(a) In General.--In any Rule 11 of the Federal Rules of 
     Civil Procedure proceeding, a court may not order that a 
     court record not be disclosed unless the court makes a 
     finding of fact that identifies the interest that justifies 
     the order and determines that that interest outweighs any 
     interest in the public health and safety that the court 
     determines would be served by disclosing the court record.
       (b) Applicability.--This section applies to any record 
     formally filed with the court, but shall not include any 
     records subject to--
       (1) the attorney-client privilege or any other privilege 
     recognized under Federal or State law that grants the right 
     to prevent disclosure of certain information unless the 
     privilege has been waived; or
       (2) applicable State or Federal laws that protect the 
     confidentiality of crime victims, including victims of sexual 
     abuse.

  The CHAIRMAN. Pursuant to House Resolution 508, the gentleman from 
Texas (Mr. Smith) and a Member opposed each will control 5 minutes.
  The Chair recognizes the gentleman from Texas (Mr. Smith).
  Mr. SMITH of Texas. Mr. Chairman, I yield myself such time as I may 
consume.
  Mr. Chairman, the bipartisan manager's amendment I am offering today 
reflects the important contributions of the gentleman from New York 
(Mr. Nadler) and the gentleman from Virginia (Mr. Scott). It 
incorporates into the base bill provisions imposing sanctions for the 
destruction of relevant documents in a pending Federal court 
proceeding, an amendment setting standards for a court's determination 
that certain court records should be sealed, and an amendment providing 
for a presumption on a Rule 11 violation when the same issue is 
repeatedly relitigated.
  This manager's amendment also makes clear that in the antiforum-
shopping provisions, if there is no State court in the county in which 
the injury occurred, the case can be brought in the nearest adjacent 
county where a court of general jurisdiction is located.
  Finally, the manager's amendment makes clear that the legislation 
does not affect personal injury claims that Federal bankruptcy law 
requires to be heard in a Federal bankruptcy court. This reasonable 
request was made by the National Bankruptcy Conference Committee on 
Legislation.
  I urge my colleagues to join me in supporting this bipartisan 
manager's amendment.
  Mr. Chairman, I yield back the balance of my time.
  The CHAIRMAN. Does any Member seek recognition in opposition?
  Mr. NADLER. Mr. Chairman, I do not seek recognition in opposition to 
the amendment.
  The CHAIRMAN. Without objection, the gentleman from New York is 
recognized for 5 minutes.
  There was no objection.
  Mr. NADLER. Mr. Chairman, I am pleased that Chairman Sensenbrenner 
has included in the manager's amendment two provisions that I offered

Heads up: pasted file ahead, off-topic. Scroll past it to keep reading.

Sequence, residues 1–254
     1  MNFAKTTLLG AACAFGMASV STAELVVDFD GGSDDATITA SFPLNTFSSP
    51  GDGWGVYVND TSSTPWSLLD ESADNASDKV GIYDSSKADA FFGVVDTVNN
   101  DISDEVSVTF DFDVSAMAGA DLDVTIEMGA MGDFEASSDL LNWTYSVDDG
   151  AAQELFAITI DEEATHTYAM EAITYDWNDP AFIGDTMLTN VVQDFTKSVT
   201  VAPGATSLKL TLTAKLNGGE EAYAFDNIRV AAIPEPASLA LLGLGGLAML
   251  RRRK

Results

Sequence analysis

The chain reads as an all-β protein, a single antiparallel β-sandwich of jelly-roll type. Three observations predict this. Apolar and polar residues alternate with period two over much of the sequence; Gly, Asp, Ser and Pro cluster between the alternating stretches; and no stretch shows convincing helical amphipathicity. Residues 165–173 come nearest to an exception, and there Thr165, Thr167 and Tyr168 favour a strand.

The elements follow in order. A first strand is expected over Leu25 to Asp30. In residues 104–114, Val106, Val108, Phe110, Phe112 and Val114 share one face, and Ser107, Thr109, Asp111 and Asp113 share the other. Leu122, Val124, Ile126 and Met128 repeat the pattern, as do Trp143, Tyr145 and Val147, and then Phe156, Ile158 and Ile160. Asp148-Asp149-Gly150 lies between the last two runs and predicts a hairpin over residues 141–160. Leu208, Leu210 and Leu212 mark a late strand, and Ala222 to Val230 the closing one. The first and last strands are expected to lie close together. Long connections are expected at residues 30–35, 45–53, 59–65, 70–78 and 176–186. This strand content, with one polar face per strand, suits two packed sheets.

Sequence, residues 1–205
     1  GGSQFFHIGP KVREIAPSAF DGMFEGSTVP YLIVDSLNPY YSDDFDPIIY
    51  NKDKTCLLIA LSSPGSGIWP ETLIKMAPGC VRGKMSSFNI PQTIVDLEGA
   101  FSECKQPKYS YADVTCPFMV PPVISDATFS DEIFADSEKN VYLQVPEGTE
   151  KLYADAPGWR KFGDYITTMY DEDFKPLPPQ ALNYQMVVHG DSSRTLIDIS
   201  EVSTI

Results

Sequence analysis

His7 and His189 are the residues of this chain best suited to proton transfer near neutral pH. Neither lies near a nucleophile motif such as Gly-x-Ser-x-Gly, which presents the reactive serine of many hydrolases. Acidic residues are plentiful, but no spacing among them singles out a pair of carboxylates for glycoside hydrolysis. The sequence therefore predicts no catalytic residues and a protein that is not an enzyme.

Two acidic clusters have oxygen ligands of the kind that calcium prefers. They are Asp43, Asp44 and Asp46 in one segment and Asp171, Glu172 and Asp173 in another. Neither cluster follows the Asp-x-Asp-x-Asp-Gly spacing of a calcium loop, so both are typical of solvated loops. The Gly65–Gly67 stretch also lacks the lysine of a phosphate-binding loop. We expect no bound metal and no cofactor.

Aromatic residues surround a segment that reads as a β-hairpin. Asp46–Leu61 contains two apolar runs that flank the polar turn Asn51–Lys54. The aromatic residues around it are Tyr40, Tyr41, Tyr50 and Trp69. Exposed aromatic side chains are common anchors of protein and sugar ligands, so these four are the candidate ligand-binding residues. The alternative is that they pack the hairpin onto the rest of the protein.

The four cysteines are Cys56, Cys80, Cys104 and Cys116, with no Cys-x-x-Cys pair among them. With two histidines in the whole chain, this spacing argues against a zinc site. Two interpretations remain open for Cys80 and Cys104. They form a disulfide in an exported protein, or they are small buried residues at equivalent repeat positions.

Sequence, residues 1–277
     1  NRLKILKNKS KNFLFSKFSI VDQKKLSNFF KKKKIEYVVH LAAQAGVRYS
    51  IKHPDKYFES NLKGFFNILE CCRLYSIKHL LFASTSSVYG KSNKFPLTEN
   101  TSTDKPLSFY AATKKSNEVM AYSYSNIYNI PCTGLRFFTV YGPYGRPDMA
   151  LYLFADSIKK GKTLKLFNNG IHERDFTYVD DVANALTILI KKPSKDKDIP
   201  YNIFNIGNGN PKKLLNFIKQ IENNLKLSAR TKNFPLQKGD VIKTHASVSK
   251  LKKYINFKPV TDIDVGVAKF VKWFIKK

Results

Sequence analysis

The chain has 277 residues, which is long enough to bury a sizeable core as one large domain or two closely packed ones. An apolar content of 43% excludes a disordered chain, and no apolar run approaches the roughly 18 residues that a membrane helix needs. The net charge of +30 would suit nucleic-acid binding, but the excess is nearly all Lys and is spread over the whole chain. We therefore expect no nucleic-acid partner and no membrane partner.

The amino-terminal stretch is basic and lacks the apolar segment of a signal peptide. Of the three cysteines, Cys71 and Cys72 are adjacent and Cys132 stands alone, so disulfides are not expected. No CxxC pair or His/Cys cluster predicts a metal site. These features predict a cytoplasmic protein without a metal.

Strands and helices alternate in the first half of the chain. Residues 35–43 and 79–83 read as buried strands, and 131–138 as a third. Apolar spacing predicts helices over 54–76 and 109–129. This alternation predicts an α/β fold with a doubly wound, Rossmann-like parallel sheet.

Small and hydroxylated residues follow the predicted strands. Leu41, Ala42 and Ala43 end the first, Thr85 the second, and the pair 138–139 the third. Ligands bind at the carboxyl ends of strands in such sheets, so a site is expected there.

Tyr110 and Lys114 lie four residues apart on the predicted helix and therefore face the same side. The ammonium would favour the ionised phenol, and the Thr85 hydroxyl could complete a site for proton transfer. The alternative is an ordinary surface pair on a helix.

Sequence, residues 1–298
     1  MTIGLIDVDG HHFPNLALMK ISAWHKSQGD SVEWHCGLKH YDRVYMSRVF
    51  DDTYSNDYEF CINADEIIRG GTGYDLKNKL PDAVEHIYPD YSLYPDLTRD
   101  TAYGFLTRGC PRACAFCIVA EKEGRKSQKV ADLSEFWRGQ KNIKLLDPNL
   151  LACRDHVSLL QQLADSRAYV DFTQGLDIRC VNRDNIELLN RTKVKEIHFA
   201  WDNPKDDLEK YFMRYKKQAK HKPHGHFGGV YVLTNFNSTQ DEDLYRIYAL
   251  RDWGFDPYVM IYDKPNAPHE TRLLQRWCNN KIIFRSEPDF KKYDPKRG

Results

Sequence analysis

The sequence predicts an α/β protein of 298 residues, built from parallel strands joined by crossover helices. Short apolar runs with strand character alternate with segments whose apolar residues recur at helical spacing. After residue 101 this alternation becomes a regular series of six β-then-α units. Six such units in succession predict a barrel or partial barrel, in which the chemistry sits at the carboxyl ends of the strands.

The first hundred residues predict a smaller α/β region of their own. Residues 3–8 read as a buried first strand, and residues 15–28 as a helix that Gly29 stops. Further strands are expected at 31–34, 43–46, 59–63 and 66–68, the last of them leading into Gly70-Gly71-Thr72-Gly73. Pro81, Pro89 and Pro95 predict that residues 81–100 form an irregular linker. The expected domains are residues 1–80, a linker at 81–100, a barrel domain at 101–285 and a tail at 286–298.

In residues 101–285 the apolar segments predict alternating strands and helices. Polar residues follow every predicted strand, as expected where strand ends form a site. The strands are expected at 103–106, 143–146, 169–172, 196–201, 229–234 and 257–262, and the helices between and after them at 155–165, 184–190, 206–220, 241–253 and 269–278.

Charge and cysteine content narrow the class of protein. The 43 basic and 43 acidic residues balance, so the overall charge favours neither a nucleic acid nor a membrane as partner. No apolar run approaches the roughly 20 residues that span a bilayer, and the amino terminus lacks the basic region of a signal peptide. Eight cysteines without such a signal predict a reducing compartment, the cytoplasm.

in the Judiciary Committee markup of the bill, and I thank the chairman 
for his support.
  The first amendment included in the manager's amendment provides for 
mandatory sanctions for destroying documents relating to a court 
proceeding. Delays during litigation provide ample opportunities for 
wrongdoers to destroy incriminating documents. Because this can result 
in the complete inability to hold these defendants accountable for 
their wrongful acts, parties who knowingly destroy relevant and 
incriminating documents should be severely sanctioned.
  Secondly, the second amendment bans the concealment of unlawful 
conduct when the interests of public health and safety outweigh the 
interest of litigating parties in concealment. Very often in civil 
litigation, a company producing an unsafe product or an unsafe 
procedure will settle with the plaintiff.
  The settlement will include a payment of a sum to the defendant, but 
will also often include an agreement that the records will be sealed 
and no one will ever talk about it. That is the condition that the 
defendant company puts on it.
  So the defendant pays the money, the plaintiff gets the settlement, 
everybody keeps quiet. But meanwhile, hundreds of thousands of people 
may continue to be injured by that product in the future.
  The defendant company forces the plaintiffs never to discuss the 
problems with anyone else, no one knows about it, and more people keep 
getting hurt because the product remains on the market.
  When it comes to public health and safety, people must have access to 
information about an unsafe product, not only to protect themselves but 
also to serve as a deterrent against companies that may continue to 
place the public in harm's way.
  Secrecy agreements should not be enforced unless they meet stringent 
standards to protect the public interest and the public health. This 
amendment prevents this harmful practice. The amendment says that an 
agreement to keep a settlement secret, the terms and conditions of 
settlement secret, cannot be approved by the court unless the court 
determines that the interests of the parties in secrecy, perhaps 
legitimate interests outweigh the interests of the public in knowledge 
of whatever it is.
  If the court so determines, the court can order the secrecy upheld. 
But if the court determines that the interest and the public knowledge 
outweigh the secrecy, then the court must say that and disapprove the 
concealment agreement.
  I support the manager's amendment because it includes these two 
amendments and other good ideas. But these changes are not enough for 
me to support final passage of what is still an egregious bill.
  Again, I would like to thank Chairman Sensenbrenner for working 
together in addressing these issues. I believe the manager's amendment 
provides some positive changes in what is otherwise an egregious bill.
  I urge my colleagues to vote for the manager's amendment, but against 
the final bill.